Designing Award-Winning Signs: Avoiding Copyright Issues69
I’ve seen so many shops use copyrighted materials. Here is a great article from Sign & Digital magazine that will cover the topic properly. Please subscribe to their electronic magazine for numerous articles such as this one.
Time to break the bad news on copyright and trademark
You start to explain to them why they can’t use an image off of the internet in that way, for reasons explainable by an attorney specializing in copyright law, like Alex Johnson of Hamilton IP Law, PC, in Davenport, Iowa. Hamilton IP Law is a “boutique intellectual property law firm” specializing in patents, trademarks, copyrights and other related intellectual properties. As Johnson explains, a common misconception that people have is that simply making some changes to an existing image will mitigate the issue of copyright infringement. However, that is not how the law looks at the use of images from the internet, and understanding the legal issue of copyright infringement is quite complex.
“Not only is each image protected by copyright law, but the image could also be subject to trademark law, too,” Johnson says. If the original is someone’s business trademark, there may be visual elements including colors, fonts as well as wording that are part of that company’s brand. In that case, he says, the consequences of the illegal use of the image could run afoul of trademark law for likelihood of confusion (a topic beyond this article) on top of the potential copyright infringement like the kind you were wary of when this couple showed you the original image.
“But look, the text is different, the shape is a lot different and the colors are totally different,” your couple pleads. They really feel it has been altered enough to be different, but as Johnson explains, it’s a contextual analysis that is very difficult to determine. As a general rule, merely changing a couple of aspects to that image is likely not enough; unfortunately, and as is often the case, the answer is that “It depends,” and it just is not a good idea. If the image, even after making changes, is found to be “substantially similar,” then it is likely to infringe the original image’s copyright.
So you explain to them that the question is difficult to answer, and rarely worth the risk of using an image that was not your original design, especially to be the face of their business.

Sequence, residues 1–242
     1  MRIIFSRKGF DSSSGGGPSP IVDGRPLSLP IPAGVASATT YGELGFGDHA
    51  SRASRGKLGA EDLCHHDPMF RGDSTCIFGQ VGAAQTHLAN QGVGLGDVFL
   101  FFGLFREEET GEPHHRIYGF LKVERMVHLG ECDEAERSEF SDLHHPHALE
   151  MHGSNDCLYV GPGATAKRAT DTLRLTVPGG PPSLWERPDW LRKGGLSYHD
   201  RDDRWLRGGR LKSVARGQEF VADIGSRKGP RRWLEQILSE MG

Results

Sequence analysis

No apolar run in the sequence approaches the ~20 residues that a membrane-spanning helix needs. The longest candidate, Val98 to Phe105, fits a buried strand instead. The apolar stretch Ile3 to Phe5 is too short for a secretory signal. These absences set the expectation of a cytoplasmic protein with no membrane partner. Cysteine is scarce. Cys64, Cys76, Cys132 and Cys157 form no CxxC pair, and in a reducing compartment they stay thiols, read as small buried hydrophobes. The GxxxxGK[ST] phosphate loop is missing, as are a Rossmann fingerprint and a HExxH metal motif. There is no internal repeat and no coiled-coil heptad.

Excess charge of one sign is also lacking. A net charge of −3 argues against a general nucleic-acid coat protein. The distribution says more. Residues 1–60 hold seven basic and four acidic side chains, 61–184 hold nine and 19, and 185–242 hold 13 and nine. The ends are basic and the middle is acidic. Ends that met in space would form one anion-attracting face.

Even though you only have a little familiarity with copyrights, you know that there is a simple rule that you can safely recommend to this couple: if you made it from scratch yourself, and did not merely re-draw preexisting ideas you saw elsewhere, you have done what you can to avoid copyright infringement (but as we all know, someone might still find a reason to sue).
Johnson recommends a rule of thumb to follow when it comes to creating a logo for your business: create a unique image from scratch. If hiring a designer, have a written agreement where the artist represents and warrants that it’s an original and that you own it. He also says that if you’re going to use an image you have found, you need to be sure you can verify the owner of the copyright and purchase a license or assignment from them before adopting it.
Johnson added that this goes for everything and anything found on the internet, and that most people don’t understand that ownership and copyright of an original image is automatically given to the person who created it, without the need for paperwork, filings or legalities. That being said, considering the thousands of images available online, it’s easy to see just how difficult it can be to create a truly original design, but the results are worth the efforts. As Johnson advises to his clients, from a foundational basic business perspective, having your branding be based off the image of someone else makes your brand subject to the impression that company has–and impressions change, so it’s best to control your own image and make your brand an original. Why would you want to be a knock off?
How does one use the images from the internet?
Inspiration only. That’s exactly what you use the internet images for, inspiration. It’s not about copying the way the fonts interlock or what the mountain graphic looks like, or even the layout of those visuals. In researching the Web for ideas, you are paying close attention to the visual emotional triggers that make some logos inspirational and others not at all. Professional designers know how to create the right feeling through the use of flow, shape and the arrangement of original images and designs.
Working with someone who understands how copyright law affects all aspects of logo design and the consequences of using a copied image for signage is probably the most important reason for your customers to use a professional in the sign business. It is also why it is important to consult with legal counsel. Knowing the trigger and what to look for is key in the sign industry.
So how do you help your customers who run into possible legal issues?
Contact a copyright and trademark attorney like Alex or the other intellectual property attorneys at Hamilton IP Law, PC at www.hamiltoniplaw.com or 563-441-0207.
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